What I want to challenge is your justification for the stronger claim  (1´).   Why think that efficient causation without material causation is impossible?  We’ve seen that (A) doesn’t, in fact,  justify (1´).  What (A) justifies is that there has to be some sort of cause of the thing that begins, but there’s no reason to think that it must be a material cause.  In your final paragraph you appeal to our normal experience of seeing efficient causes acting in tandem with material causes as justification for (1´).  But why think that this common concatenation must always be the case? 

Perhaps it would be helpful here to think of cases where we could have efficient causation without material causation.  I’ve been working heavily on the topic of abstract objects like numbers, sets, propositions, and so on.  Many philosophers believe that these immaterial objects exist necessarily and eternally.  But there are many abstract objects which seem to exist contingently and non-eternally, for example, the equator, the center of mass of the solar system, Beethoven’s Fifth Symphony, Leo Tolstoy’s Anna Karenina, and so forth.  None of these is a physical object.  Tolstoy’s novel, for example, is not identical to any of its printed exemplars, for these could all be destroyed and replaced by new books.  Nor can Beethoven’s Fifth be identified with any particular series of ink marks or any performance of the symphony.  Now these things all began to exist:  the equator, for example, didn’t exist before the earth did.  But if they began to exist, did they have a cause or did they come into being out of just nothing?  (Notice that it makes sense to ask this question even though these entities are immaterial and so have no material cause.)  Many philosophers would say that they did indeed have a cause: it was Tolstoy, for example,  who created Anna Karenina.  So in cases such as these (and they are legion), we do, indeed, have instances of efficient causation without material causation.  You may not agree that such abstract objects really exist;  but I think we have to say that the view defended by our philosophical colleagues is a coherent one.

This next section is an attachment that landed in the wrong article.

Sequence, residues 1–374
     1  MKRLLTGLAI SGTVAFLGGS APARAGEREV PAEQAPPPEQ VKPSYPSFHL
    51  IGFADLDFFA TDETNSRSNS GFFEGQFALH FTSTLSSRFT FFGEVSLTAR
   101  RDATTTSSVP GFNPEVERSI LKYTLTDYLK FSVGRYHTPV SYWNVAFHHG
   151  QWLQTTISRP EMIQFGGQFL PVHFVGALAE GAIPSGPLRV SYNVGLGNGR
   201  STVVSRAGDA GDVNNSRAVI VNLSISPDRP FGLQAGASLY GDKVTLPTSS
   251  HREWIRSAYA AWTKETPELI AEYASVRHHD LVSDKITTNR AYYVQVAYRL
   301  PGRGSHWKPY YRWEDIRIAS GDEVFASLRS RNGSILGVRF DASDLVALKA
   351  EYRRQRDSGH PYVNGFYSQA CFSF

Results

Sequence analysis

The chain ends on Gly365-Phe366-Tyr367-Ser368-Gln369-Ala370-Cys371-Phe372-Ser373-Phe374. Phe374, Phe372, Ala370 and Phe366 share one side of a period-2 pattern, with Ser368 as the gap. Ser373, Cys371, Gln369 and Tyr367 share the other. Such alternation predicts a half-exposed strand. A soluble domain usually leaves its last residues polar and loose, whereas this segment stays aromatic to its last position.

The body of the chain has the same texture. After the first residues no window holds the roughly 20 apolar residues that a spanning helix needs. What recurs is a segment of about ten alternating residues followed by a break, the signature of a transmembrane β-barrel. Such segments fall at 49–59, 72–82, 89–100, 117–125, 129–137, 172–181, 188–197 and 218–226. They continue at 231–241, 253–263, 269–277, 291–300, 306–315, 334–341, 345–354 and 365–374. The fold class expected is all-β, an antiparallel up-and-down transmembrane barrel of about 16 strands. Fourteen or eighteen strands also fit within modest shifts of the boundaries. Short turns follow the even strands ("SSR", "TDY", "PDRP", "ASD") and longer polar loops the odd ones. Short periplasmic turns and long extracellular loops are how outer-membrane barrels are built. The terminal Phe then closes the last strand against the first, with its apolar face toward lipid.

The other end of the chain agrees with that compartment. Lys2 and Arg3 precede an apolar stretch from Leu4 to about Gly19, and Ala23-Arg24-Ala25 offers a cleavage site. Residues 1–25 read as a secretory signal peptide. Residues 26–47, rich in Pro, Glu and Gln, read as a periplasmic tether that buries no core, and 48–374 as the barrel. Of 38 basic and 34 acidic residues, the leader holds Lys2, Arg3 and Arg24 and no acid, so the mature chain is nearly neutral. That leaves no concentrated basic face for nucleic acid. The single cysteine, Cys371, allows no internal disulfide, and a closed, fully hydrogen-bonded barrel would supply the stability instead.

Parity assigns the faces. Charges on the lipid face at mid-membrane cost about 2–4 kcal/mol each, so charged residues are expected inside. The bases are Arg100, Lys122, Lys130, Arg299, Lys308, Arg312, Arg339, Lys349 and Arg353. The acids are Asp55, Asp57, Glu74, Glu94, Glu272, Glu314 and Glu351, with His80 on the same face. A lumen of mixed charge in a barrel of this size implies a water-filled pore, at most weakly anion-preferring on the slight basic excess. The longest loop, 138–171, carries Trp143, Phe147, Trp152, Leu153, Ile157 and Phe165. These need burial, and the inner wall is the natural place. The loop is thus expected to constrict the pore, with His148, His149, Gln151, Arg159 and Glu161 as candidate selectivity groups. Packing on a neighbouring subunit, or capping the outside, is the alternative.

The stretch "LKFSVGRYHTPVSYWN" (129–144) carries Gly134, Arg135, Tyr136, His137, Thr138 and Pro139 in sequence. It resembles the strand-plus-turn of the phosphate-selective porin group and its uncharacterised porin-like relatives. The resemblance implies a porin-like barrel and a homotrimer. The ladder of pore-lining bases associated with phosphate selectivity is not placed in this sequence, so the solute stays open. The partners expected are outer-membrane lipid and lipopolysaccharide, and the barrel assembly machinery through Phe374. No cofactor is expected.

The examples of literary and musical creation are suggestive.  Could God have analogously thought the universe into being, just as Tolstoy created Anna Karenina?  It’s a provocative idea. 

You say that appealing to God as the cause of the universe may not be the better explanation.  “Better than what?”  I ask.  If the alternative is spontaneous coming into being out of nothing, I think we both agree that’s impossible.  The only recourse for the atheist is then to deny premiss (2) of the kalam argument.  But if we have good evidence for the beginning of the universe, as I think we do, then the God alternative is looking better all the time.

- William Lane Craig